Wednesday, January 22, 2014

Jesus and Mo cartoon

Is this cartoon offensive?

The BBC thinks so. On their Sunday morning programme The Big Questions on 12th January, the producers opted not to display it to viewers even though the Jesus and Mo satirical comic strip was the very topic of debate. By doing so, they chose to manifest and perpetuate a certain hyper-sensitivity to an imagined sharia compliance with which very few British Muslims actually accord, let alone the vast majority of non-Muslims. By censoring this innocuous image, the BBC is inculcating the whole nation with the belief that depictions of Mohammed are haram - forbidden - and that everyone - people of all faiths and none - must respect and obey this precept.

Setting aside the irrefutable historic fact that Shia Muslims have a centuries-old tradition of depicting Mohammed, and this sort of strict censorship being principally a Sunni assertion of belief (including the malignant Wahhabi-Salafi strain), it is surely not for the state broadcaster to take a dogmatic view of the deeply-held sensitivities of one religious denomination, or to impose a moral view of religious blasphemy when Parliament has abolished the concept.

The fact that the BBC chose to censor a T-shirt depicting this cartoon rather upset Muslim Maajid Nawaz, who was a guest on the show. He proceeded to tweet out the image to his followers with the message: “This is not offensive & I'm sure God is greater than to feel threatened by it.” Mr Nawaz is a former member of the Islamist revolutionary group Hizb ut-Tahrir, and became director of the anti-extremist think-tank the Quilliam Foundation. He is now the Liberal Democrat parliamentary candidate for Hampstead and Kilburn. Mohammed is his prophet, and Islam is his faith. But he understands perfectly that some people view Islam is a vile ideology and, for many, Mohammed is no kind of prophet at all. And depicting Mohammed saying "Hey" to Jesus does not offend him in the slightest.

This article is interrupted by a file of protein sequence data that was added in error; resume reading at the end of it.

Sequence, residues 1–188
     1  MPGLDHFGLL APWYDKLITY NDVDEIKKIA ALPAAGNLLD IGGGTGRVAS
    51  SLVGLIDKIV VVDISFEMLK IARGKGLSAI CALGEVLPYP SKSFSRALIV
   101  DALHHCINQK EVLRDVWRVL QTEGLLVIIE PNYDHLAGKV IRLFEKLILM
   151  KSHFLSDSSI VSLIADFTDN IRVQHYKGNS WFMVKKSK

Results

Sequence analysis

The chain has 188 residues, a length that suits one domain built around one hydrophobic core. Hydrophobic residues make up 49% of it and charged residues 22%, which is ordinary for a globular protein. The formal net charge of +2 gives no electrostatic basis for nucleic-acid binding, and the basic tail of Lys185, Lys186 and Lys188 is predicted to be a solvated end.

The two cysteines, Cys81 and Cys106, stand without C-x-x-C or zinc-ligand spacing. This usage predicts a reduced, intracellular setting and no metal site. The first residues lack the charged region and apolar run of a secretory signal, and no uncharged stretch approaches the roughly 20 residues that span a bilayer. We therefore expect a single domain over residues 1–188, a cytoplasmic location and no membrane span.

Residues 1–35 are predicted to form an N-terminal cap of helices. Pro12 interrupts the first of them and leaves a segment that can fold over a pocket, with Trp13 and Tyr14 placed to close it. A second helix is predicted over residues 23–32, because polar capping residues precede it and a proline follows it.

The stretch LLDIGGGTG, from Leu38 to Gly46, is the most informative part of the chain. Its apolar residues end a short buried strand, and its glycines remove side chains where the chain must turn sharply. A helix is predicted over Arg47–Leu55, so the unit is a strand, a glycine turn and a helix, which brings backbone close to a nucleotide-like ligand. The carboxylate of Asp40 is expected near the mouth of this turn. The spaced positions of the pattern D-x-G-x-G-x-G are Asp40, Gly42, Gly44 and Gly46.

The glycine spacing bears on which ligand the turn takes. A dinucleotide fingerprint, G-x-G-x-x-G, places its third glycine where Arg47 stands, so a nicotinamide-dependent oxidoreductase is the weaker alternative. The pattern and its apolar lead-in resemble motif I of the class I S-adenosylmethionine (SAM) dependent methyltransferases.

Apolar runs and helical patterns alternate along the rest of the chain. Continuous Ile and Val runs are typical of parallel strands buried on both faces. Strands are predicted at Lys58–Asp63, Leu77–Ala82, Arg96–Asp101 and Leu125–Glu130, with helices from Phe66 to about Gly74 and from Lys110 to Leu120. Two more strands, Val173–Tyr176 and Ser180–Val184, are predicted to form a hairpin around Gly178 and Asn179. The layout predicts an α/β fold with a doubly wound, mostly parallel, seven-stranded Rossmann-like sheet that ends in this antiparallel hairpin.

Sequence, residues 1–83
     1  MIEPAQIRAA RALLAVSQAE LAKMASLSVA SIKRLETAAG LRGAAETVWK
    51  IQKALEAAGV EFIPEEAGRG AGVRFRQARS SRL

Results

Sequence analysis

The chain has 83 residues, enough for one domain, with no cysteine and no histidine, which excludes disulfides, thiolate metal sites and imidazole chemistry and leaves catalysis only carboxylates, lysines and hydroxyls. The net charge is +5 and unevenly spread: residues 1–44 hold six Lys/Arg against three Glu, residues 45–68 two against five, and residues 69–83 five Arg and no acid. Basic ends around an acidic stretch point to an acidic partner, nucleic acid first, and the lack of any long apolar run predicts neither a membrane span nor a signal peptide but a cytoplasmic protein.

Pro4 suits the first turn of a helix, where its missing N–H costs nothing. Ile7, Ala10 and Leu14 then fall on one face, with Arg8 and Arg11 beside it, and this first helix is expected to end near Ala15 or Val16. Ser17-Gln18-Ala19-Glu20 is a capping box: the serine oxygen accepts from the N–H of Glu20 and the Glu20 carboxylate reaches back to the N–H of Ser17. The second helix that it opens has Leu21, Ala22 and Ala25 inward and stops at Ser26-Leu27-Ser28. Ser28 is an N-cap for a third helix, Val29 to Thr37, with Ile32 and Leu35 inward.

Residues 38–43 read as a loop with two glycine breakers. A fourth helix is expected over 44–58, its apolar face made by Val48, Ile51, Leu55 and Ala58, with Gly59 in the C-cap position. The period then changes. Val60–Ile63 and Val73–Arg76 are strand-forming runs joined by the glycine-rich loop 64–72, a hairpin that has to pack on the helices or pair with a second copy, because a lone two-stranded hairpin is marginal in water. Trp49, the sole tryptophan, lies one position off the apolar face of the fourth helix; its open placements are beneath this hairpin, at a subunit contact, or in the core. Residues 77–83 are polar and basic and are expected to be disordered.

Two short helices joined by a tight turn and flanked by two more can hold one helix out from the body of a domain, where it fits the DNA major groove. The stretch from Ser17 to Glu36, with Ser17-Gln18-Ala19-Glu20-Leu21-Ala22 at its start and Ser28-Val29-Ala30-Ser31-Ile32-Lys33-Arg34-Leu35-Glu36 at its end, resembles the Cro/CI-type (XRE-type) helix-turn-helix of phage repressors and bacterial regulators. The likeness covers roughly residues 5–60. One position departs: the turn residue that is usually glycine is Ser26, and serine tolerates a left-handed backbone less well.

No reasonable person goes out of their way to cause offence. In this instance, Maajid Nawaz was simply challenging the BBC's (myopic) interpretation of a particular (narrow) view of sharia, and demonstrating that British Muslims are moderate and do not reach for the nearest meat-cleaver to dismember the apostate or behead the blaspheming kuffar.

Sadly, a few Muslims have now threatened Mr Nawaz with certain 'surprises', and others have been more explicit in what they would like to do to him



Anonymous said...

So Christian bashers, who is the intolerant religion again?

Anonymous said...

Don't give the oxygen of publicity or public debate to Muslim views, as it gives it some perverse validation, even if that may be regarded as self-censorship

Anonymous said...

Muslims killing muslims. Gimme a front row seat!

Anonymous said...

History will note that the UK was destroyed by it's own addiction to political correctness.

Stefan v said...

Actually, it is offensive; go read the second commandment (hint, Exodus 20:4). For an idea of what results when this is ignored, read Romans chapter 1.

Old Bob said...